It is no secret that women are entering law school and the legal academy in significant numbers in the new millennium. And their numbers have been on the rise since the early 1970s. For those of us entering law school around that time, inspired by the women’s movement of the 1960s and 1970s, we firmly believed that the legal profession would become, in effect, more caring-for want of a better expression-because women were entering the profession in greater numbers. But alas, we could not have been more naYve. Male orientation of the law and male domination of the legal profession has relentlessly persisted into the twenty-first century.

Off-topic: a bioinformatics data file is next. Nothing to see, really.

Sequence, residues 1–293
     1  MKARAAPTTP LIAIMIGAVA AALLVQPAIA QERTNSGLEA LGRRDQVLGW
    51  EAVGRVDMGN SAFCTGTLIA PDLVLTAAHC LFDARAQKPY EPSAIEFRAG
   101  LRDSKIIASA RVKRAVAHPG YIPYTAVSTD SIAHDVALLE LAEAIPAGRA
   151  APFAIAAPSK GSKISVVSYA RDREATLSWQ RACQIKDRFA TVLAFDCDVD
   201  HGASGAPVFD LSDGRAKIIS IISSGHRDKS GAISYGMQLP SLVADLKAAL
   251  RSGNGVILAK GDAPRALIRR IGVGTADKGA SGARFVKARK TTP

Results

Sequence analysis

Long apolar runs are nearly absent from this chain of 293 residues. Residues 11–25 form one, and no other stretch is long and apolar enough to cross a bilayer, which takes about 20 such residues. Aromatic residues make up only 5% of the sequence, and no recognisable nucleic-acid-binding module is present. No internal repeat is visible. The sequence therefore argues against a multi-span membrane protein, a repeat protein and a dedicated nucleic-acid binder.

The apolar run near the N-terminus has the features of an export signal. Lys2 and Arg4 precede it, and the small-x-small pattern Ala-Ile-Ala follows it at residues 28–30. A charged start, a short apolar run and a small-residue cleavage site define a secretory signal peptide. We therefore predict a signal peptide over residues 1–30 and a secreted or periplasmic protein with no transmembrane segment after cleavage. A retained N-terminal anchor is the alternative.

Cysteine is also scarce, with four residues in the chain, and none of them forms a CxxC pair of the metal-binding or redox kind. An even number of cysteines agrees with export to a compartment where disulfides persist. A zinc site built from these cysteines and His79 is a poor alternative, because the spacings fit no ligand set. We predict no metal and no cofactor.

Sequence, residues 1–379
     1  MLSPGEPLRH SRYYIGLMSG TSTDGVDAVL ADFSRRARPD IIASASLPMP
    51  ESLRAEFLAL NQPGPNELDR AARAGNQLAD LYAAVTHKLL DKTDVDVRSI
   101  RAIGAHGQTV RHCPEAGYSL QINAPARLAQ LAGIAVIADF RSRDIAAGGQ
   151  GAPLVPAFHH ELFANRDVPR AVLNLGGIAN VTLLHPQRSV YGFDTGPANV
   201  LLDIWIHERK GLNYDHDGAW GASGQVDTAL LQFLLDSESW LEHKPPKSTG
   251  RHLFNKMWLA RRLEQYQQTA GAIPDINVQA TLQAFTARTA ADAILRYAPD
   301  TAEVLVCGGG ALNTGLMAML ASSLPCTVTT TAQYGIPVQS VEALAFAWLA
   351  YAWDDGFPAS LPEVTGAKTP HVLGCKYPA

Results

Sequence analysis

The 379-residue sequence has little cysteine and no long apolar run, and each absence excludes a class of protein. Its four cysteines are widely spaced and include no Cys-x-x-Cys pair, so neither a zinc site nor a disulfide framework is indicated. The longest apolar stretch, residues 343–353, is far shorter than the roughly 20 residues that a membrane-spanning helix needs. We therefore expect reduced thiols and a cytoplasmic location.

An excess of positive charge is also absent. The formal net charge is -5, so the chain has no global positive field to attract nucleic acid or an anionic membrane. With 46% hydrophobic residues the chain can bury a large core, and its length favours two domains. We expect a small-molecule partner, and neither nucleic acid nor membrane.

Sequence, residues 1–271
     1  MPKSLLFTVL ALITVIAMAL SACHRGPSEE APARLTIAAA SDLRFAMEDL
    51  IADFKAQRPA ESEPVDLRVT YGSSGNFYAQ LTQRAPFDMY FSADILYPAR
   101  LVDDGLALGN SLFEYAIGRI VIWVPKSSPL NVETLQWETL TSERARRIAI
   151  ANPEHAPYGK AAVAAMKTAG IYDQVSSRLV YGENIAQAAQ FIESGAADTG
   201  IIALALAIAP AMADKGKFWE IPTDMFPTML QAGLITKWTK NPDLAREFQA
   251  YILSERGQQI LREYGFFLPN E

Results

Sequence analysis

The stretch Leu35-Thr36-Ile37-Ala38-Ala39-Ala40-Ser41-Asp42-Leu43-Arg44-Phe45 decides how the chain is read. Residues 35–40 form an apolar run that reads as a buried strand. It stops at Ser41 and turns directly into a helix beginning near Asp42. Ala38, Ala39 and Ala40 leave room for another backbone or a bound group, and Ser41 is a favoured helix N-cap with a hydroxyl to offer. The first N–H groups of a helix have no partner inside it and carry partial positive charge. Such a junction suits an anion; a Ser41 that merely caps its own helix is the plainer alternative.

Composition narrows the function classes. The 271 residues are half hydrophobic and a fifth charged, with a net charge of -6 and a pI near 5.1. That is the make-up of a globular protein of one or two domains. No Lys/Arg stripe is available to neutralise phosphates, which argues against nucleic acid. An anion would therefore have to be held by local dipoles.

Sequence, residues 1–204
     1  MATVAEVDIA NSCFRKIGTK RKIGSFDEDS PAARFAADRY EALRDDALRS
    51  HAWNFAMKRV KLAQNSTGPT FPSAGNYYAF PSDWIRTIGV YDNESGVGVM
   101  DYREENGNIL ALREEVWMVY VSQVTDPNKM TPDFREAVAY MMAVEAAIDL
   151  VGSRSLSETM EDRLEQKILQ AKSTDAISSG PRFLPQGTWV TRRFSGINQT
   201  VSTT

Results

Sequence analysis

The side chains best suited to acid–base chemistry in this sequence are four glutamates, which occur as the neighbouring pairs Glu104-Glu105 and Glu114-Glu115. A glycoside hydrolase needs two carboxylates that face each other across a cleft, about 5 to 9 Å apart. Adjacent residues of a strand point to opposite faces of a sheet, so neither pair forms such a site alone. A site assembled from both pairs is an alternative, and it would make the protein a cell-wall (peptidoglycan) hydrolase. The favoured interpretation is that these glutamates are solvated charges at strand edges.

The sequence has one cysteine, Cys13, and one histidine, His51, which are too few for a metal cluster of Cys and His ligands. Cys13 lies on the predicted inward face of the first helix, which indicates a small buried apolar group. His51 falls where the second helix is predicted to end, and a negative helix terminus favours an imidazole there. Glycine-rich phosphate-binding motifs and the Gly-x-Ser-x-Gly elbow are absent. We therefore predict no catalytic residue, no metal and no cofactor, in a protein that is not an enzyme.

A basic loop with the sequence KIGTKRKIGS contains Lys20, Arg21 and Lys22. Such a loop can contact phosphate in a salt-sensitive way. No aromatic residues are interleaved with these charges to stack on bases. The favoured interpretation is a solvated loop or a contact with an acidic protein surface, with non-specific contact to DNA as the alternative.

On a more sanguine note, emerging voices have found expression in the proliferation of specialty journals being published in the latter part of the twentieth century. These journals are in sharp contrast to general or “flagship” journals which have traditionally been viewed as male oriented and, more particularly, white male oriented. In fact, some have always perceived the law in general to be white and male, not gender- or race- neutral as others in the profession, the academy, and even the judiciary would have us believe.